Please note that the clients and lawyers referenced in the video and transcript are purely hypothetical and not based on actual people. If you prefer reading to watching, please see the transcript below:
This was an interview of Scott Morgan in 2010 on Fox Houston on how facebook can be an issue in divorce cases. There had been a lot of publicity at the time about facebook “causing” divorces. It is still common that facebook and other social media play a role in a divorce case, but the media buzz surrounding the issue seems to have died down.
The typical procedure for Texas divorce lawyers to analyze property division in a divorce case is to put all the assets and liabilities on a spreadsheet and fill in the values. At that point the division usually starts to make sense as you assign certain assets and liabilities to each of the parties. Often these assignments are relatively simple and agreed to. For example, everyone may agree that the wife should get the house and be responsible for the mortgage so you automatically fill in your spreadsheet that way on that particular asset and debt.
Sometimes the parties may have a dispute over how the overall split should be done. For example, one party may want a 50/50 division while the other side believes it should be a disproportionate division. I will save that topic for anther blog post. Today I will address the other common issue that arises in property divisions, that of valuation disputes. Continue reading
Here is a common divorce/taxation question: post-divorce which party is entitled to take the dependency exemption for the children, the person paying child support or the person receiving child support. People are frequently confused about this, in no small part because most divorce decrees are silent on the issue.
The Child Dependency Exemption is Governed by Federal Law
Let’s start with an analysis of the law. Internal Revenue Code Sec. 152(e) states that Continue reading
This article will outline the current Texas law on child support modification and explain when it makes sense to pursue a child support modification.
Child support modification is addressed in Texas Family Code Section 156.401 through Section 156.409. Whether you are the payor who is seeking a reduction or the payee seeking an increase, the standard is the same. There are two possible avenues to seek a modification: Continue reading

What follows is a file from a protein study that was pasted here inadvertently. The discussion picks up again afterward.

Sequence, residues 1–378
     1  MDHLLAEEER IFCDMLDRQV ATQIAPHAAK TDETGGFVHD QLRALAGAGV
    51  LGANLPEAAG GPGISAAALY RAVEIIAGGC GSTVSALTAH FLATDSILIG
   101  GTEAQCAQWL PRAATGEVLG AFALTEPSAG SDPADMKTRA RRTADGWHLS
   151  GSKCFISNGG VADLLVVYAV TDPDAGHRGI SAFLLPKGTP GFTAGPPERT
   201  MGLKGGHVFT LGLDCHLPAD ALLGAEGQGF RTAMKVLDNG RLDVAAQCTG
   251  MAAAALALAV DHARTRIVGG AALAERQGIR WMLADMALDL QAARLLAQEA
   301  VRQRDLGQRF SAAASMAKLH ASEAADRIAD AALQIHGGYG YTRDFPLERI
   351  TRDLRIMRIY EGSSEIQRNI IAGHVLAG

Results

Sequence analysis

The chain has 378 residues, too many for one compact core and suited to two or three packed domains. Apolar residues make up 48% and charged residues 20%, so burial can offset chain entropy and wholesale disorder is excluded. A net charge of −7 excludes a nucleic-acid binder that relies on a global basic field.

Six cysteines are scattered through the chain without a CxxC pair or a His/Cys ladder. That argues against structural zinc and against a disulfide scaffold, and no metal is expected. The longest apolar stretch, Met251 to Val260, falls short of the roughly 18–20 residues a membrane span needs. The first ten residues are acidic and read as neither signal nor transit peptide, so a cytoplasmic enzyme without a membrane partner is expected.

While attempting to hide assets in a divorce case is not commonplace, it happens more often than you might imagine. As an attorney I would never advise a client to attempt to hide assets nor would I help them in their efforts to do so. Aside from the legal and ethical issues, it is simple wrong and not something I am willing to do.
Hidden Assets Tend to be Found
I have had cases on both sides of the issue. I have discovered assets that my client’s spouse was attempting to hide and I have discovered assets that my own client was attempting to hide. When I explain to my client how easy it was for me to uncover the asset and how the other attorney is likely to find it just as easily, the client usually becomes much more reasonable about disclosing all assets. Continue reading
When a couple has divorced and one or both of the parties has moved out of the area, it can make it can become extremely difficult and sometimes impossible for the non-custodial parent to have frequent access and communication with the children. With the increasing mobility of our society and the much more typical career changes that seem to be a staple of our current economic times, this situation has become a very common occurrence. Continue reading
A common issue in most divorce cases is what to do with the marital residence. If the parties rent their residence this is not a big issue, but in most divorce cases there will be owned real estate that must be dealt with.
Two Most Common Ways to Handle
While every case is different and there are many unique and unusual sets of circumstances, for most cases there are only two realistic divorce outcomes when it comes to the house. Either Continue reading
A Financial Information Statement is a court-required document for nearly all temporary orders hearings and final trials in Texas divorce cases. Here is a sample Financial Information Statement so you have an idea of what they look like. The names and details used are all fictional, although the facts used are relatively typical of the issues dealt with in a Texas divorce. The sample document is based on a husband who expects to move out of the residence and pay child support. In a real case both sides prepare and submit a Financial Information Statement to the court prior to a temporary orders hearing. Continue reading
I came across a thought-provoking article by Pamela Cytrynbaum on psychologytoday.com, entitled Top 10 Tips for a Great Divorce. It gives her suggestions on how to turn an amicable separation into an amicable divorce. I mostly agree with what she suggests, although I have different thoughts on a few of the issues. I encourage you to check out the article. Here are my thoughts on some of her tips that I took issue with: Continue reading